Mark Bradley

Mark Bradley is a sports columnist and blogger for The Atlanta Journal-Constitution

Braves fans, this might be the time to avert your eyes

Even they can't bear to watch. (AP Photo/Chris Szagola)

This marks the second time since 1990 that the Atlanta Braves were sellers at the trade deadline. The first was in 2008, when Frank Wren divested the team he'd inherited of Mark Teixeira, whose deadline acquisition the year before at the cost of a five good-to-excellent prospects cost the Braves dearly. (All Wren could get for Teixeira was Casey Kotchman, who was himself traded at the deadline in 2009.)

The point being: We're not used to this. That's a good thing. If you follow a team that makes selling an annual event, you're seeing a lot of losing. Even when the Braves haven't been as good as we'd hoped, they haven't often stunk.

This team didn't quite stink, either -- at least not until the selling began. The Braves were 45-50 when Kelly Johnson and Juan Uribe were shipped to the Mets, which was just bad enough to make everyone know they weren't going anywhere. They're 2-8 since. Until they won Sunday in Philadelphia, they'd lost eight of nine.

They scored a total of five runs in three games in St. Louis. They scored four in three games in Baltimore. They were outscored 25-6 over the first three games against the worst-in-the-majors Phillies, who'd just dumped Cole Hamels and Jonathan Papelbon. If you're looking for a reason why the final two months might not utterly awful, 20 of the remaining 57 games will be played against opponents who were themselves sellers.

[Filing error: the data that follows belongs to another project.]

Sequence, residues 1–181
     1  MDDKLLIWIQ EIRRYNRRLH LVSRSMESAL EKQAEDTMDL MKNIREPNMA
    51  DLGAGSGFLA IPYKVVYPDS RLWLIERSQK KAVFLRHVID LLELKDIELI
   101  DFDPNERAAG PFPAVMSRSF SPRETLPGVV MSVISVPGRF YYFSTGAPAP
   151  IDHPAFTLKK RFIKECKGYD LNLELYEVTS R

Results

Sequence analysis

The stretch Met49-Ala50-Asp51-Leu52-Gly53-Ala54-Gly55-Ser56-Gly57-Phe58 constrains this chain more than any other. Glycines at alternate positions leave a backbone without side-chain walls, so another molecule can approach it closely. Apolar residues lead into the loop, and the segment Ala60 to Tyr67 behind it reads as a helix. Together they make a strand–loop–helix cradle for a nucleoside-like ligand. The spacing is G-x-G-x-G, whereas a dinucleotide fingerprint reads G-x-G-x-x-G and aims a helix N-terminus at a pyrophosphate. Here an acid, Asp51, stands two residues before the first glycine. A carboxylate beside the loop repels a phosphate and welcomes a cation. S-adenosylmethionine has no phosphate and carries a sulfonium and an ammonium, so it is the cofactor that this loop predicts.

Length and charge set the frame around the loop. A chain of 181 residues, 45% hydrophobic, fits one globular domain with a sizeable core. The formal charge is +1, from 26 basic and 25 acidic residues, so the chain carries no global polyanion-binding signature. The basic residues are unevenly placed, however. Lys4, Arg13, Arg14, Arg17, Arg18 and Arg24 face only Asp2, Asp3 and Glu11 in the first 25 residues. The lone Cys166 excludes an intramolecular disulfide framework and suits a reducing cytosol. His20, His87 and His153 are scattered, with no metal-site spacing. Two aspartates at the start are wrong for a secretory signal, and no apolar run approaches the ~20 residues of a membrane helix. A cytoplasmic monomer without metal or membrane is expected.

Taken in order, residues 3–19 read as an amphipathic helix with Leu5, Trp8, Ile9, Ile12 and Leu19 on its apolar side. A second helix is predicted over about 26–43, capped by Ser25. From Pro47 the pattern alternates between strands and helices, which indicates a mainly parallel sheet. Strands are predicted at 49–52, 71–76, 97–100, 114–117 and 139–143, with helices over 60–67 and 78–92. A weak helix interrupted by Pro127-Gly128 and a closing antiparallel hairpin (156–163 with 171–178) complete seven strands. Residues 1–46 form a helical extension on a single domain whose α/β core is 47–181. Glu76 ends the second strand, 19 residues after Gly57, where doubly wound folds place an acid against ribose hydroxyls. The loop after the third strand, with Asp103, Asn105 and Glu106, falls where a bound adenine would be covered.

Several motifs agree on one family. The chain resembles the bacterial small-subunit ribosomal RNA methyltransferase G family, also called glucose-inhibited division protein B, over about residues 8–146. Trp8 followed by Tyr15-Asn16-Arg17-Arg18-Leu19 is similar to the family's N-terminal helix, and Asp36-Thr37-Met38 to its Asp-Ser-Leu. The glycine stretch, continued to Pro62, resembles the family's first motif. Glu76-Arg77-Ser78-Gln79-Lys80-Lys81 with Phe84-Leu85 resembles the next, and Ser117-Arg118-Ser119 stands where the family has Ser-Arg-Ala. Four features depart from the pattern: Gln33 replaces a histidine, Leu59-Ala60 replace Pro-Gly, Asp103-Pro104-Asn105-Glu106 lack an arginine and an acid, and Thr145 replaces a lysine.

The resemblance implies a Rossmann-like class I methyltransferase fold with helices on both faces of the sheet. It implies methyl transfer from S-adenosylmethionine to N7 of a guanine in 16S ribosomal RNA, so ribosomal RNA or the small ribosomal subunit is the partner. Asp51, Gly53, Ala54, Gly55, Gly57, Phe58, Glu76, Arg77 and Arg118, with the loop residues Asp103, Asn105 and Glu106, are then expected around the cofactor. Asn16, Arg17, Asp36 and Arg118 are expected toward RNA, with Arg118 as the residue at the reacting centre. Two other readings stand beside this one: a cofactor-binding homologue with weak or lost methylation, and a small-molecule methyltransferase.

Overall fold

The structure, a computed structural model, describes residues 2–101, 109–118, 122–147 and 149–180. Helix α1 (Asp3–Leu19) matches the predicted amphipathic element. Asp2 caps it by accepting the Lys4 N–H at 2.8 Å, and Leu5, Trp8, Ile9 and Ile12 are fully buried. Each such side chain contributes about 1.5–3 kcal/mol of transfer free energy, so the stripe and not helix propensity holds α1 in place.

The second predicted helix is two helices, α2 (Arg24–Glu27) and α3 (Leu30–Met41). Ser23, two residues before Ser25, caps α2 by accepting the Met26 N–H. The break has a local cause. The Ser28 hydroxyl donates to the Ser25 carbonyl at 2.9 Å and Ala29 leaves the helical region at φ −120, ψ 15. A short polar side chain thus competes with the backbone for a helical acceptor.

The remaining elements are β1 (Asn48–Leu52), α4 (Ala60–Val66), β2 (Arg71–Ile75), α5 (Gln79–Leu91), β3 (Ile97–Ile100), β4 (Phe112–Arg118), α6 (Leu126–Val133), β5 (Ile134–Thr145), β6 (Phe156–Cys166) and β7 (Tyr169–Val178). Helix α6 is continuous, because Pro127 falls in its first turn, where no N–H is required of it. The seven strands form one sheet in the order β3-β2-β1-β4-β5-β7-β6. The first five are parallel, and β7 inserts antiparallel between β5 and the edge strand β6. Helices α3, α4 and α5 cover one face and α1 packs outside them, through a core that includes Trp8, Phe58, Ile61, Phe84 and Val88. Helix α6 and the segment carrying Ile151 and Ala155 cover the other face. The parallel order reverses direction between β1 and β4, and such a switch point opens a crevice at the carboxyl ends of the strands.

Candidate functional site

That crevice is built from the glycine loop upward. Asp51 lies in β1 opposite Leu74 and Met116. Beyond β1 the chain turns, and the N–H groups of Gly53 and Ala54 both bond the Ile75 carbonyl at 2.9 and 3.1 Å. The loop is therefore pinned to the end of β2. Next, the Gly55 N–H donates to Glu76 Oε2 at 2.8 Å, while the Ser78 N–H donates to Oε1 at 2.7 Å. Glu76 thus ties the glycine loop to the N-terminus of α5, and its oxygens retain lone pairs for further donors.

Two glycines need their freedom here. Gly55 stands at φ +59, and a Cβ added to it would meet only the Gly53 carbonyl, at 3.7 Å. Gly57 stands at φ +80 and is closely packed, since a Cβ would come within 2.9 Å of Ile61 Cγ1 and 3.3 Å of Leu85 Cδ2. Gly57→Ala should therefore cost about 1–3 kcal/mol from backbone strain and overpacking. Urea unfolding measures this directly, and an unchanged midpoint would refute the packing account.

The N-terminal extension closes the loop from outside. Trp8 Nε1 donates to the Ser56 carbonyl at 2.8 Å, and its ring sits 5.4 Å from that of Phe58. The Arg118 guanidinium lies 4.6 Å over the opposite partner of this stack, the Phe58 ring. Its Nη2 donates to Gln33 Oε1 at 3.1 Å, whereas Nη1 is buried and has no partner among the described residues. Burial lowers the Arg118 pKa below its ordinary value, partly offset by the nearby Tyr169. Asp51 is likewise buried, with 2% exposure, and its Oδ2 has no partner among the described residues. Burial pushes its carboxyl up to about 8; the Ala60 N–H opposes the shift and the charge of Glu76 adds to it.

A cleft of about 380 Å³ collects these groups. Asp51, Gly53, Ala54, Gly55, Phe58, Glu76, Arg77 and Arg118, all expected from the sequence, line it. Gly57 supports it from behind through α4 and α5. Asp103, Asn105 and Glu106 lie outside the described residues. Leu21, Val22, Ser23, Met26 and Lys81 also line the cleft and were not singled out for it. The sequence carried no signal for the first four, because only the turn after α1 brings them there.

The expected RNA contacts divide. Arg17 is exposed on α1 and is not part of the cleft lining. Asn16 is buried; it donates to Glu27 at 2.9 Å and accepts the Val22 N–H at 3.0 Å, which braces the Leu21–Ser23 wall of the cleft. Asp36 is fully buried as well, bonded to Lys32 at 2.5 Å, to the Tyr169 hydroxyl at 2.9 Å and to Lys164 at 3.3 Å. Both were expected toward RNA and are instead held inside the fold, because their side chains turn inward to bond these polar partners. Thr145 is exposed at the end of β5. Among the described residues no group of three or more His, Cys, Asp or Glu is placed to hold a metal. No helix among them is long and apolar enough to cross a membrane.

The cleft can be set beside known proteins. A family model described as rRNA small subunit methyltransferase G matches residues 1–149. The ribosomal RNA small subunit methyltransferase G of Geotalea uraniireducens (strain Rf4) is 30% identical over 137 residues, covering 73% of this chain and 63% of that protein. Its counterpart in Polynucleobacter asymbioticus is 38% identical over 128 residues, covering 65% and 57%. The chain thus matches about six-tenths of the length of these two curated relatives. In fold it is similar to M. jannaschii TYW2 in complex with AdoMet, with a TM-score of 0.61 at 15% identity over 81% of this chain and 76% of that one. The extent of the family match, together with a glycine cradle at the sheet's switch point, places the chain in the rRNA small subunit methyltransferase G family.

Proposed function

But that's about it. From here to Oct. 4 figures to be rough. That's not to say the Braves shouldn't have sold -- they'd have been silly not to sell -- but there's a human element involved. Those players who remain have tangible proof the organization has punted on 2015. Even for the proudest of professionals, it's hard to approach games that don't matter the way you'd approach games that do.

Which is my way of saying: If you've ever been of the inclination to turn your attention to a different sport, this is the time. (The English Premier League gets going next weekend, and every single game is available stateside.) The Braves will back next spring, presumably improved. You won't have missed much.

From Sunday's AJC: In landing Olivera, the Braves dared to dare.

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About the Author

Mark Bradley is a sports columnist and blogger for The Atlanta Journal-Constitution. He has been with the AJC since 1984.